This Week in Intellectual Property, May 6th

This Week in Intellectual Property, May 6th

Rent Check

How can we reverse the decline in Star Wars movie quality? Removing monopoly rights to derivative works and allowing more creation from fans would go a long way to introduce new ideas into a series that seems to be lacking them.


News and Commentary

Comedian Louis CK is claiming copyright protection for his new stand-up tour. In addition to the standard practice of banning recordings during shows, he is claiming that even just reporting on the jokes he makes will be considered copyright infringement.

EFF has a post explaining the problems with the current moderation systems used by social media companies. Included in its list of the 10 major problems are concerns over the working conditions of moderators and the inconsistent nature with which content decisions are made.

The State of North Carolina is claiming they have sovereignty immunity from federal copyright laws. This comes in response to a lawsuit in which a documentary film maker claims the state posted footage without their permission.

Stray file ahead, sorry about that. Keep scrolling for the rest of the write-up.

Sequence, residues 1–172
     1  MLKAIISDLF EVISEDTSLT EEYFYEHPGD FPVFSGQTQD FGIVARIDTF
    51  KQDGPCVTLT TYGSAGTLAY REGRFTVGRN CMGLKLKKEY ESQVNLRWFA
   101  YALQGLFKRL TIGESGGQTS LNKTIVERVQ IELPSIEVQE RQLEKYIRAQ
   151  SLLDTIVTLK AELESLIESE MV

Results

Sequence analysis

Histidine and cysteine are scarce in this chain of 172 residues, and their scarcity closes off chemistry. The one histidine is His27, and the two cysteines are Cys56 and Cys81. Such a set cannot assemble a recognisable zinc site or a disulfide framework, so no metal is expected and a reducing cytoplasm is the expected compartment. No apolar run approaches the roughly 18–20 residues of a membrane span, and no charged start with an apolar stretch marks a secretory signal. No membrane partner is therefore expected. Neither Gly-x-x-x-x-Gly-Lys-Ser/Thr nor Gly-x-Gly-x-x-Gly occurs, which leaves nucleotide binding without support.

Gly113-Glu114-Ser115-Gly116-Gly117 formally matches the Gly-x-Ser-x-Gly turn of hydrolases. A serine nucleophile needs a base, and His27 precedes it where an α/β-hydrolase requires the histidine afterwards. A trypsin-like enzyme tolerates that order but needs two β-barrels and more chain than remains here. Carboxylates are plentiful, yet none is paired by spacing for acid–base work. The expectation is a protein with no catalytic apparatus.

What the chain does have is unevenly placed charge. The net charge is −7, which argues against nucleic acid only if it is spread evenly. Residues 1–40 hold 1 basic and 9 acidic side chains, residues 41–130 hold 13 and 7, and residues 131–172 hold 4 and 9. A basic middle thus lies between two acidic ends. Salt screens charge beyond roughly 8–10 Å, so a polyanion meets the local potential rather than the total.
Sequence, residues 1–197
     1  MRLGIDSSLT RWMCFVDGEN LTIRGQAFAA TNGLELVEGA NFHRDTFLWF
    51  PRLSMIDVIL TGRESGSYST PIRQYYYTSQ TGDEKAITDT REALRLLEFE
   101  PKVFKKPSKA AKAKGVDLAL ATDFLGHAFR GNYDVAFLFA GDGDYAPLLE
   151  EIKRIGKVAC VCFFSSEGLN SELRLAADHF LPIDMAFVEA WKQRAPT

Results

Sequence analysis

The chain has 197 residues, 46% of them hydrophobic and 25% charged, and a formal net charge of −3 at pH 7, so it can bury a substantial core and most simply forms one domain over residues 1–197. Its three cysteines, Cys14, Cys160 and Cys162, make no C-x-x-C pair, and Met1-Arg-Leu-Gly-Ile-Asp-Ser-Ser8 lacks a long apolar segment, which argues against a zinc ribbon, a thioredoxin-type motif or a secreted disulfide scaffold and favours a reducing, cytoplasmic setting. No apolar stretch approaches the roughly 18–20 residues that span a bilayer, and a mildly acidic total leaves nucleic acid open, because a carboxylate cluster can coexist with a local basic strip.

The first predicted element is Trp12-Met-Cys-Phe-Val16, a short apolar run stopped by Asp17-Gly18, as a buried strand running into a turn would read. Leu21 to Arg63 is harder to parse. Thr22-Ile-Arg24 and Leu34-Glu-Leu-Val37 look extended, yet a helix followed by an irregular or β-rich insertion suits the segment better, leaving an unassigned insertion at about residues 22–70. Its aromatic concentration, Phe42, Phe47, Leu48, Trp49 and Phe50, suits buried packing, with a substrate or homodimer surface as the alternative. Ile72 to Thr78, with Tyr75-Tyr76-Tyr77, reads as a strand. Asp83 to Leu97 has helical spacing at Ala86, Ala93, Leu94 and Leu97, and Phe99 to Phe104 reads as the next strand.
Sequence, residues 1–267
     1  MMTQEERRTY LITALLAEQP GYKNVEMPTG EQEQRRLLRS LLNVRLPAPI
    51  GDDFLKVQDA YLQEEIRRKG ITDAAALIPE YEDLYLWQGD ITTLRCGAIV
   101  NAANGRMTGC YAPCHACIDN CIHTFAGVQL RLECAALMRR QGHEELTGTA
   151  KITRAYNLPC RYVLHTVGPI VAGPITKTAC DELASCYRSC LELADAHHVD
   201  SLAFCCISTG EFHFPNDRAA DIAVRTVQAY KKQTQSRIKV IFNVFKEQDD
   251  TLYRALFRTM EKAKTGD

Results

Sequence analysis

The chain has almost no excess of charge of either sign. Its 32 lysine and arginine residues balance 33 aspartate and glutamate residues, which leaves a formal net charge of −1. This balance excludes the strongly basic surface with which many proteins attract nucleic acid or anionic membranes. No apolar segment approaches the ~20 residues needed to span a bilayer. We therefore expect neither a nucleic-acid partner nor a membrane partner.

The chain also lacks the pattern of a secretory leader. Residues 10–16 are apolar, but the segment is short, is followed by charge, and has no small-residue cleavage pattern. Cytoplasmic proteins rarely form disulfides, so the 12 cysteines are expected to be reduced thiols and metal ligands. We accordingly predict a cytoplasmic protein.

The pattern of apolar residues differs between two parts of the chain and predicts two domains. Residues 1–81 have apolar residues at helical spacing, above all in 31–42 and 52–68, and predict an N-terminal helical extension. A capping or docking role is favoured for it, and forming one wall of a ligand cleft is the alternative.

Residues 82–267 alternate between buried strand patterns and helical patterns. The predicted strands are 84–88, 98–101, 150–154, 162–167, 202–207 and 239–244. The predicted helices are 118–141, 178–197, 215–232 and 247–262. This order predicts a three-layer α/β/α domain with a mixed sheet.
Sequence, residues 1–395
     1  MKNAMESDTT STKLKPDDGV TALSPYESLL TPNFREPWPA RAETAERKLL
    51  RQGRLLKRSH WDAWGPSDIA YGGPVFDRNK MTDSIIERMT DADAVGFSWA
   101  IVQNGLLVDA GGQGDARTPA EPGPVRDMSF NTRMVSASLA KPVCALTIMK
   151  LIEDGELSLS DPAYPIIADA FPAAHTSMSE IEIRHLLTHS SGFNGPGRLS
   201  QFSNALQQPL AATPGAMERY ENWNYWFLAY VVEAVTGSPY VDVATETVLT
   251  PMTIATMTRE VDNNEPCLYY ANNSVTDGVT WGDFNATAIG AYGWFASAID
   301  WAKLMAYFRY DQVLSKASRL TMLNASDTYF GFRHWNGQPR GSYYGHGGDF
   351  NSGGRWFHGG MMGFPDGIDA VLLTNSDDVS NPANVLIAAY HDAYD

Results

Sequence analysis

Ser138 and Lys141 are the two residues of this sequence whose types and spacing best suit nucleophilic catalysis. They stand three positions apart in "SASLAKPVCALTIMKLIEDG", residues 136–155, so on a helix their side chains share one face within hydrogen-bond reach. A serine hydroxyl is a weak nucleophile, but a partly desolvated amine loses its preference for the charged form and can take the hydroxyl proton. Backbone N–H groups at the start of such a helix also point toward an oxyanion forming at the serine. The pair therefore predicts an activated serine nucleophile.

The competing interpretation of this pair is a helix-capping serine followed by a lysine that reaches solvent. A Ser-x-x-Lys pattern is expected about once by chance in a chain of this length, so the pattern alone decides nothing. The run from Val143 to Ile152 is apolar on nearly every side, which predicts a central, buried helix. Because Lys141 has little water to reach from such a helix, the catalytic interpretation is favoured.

The Southern District of New York ruled that Clint Eastwood was unable to claim ownership rights to patents owned by a research group that he helped fund.

Rep. Hakeem Jeffries is proposing a bill that would establish a Copyright Claims Board to handle small claims. You can find the text of the original proposal here.

Stephen Carlisle breaks down a recent Fourth Circuit Court decision on a case between a photographer and a website creator who used one of his photographs. The website creator tried to argue that he could use the picture under “fair use”, but the court disagreed.

In an interesting cross over between US and European politics, the overly-stringent copyright filters that are mandated by the new EU copyright directive have been deleting the Mueller report. This is a great example of the problems with relying on copyright filters.

The Ninth Circuit recently changed the threshold needed to prove copyright infringement. Instead of having to prove “willfulness”, accusers will have to prove the infringing part “should have known” that they were infringing.

Florian Mueller looks at the licensing agreement between Apple and Qualcomm. The $4.5 billion dollar agreement to allow Apple to use Qualcomm chips is significantly less than what Apple would have paid in their original agreement.

The US Copyright Office has completed a study on the morality of IP protection. They concluded that there are three main principles- first amendment, fair use, and integrity interests- that are foundational principles of U.S. law.


New Research

What is behind the recent global rise in innovation tax credits? A new NBER paper explains the theoretical benefits of the incentives and looks at the data to see if they work.

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By |2019-05-06T14:15:10-07:00May 6th, 2019|Blog, Intellectual Property|